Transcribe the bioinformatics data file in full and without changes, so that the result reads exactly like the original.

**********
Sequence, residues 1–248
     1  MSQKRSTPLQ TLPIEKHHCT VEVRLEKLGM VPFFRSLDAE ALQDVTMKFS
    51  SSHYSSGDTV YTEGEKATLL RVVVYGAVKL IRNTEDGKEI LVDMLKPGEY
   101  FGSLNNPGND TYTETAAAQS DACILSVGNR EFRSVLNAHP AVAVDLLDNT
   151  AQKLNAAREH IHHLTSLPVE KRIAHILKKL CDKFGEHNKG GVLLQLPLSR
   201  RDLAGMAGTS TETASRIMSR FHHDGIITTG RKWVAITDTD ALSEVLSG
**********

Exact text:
Sequence, residues 1–248
     1  MSQKRSTPLQ TLPIEKHHCT VEVRLEKLGM VPFFRSLDAE ALQDVTMKFS
    51  SSHYSSGDTV YTEGEKATLL RVVVYGAVKL IRNTEDGKEI LVDMLKPGEY
   101  FGSLNNPGND TYTETAAAQS DACILSVGNR EFRSVLNAHP AVAVDLLDNT
   151  AQKLNAAREH IHHLTSLPVE KRIAHILKKL CDKFGEHNKG GVLLQLPLSR
   201  RDLAGMAGTS TETASRIMSR FHHDGIITTG RKWVAITDTD ALSEVLSG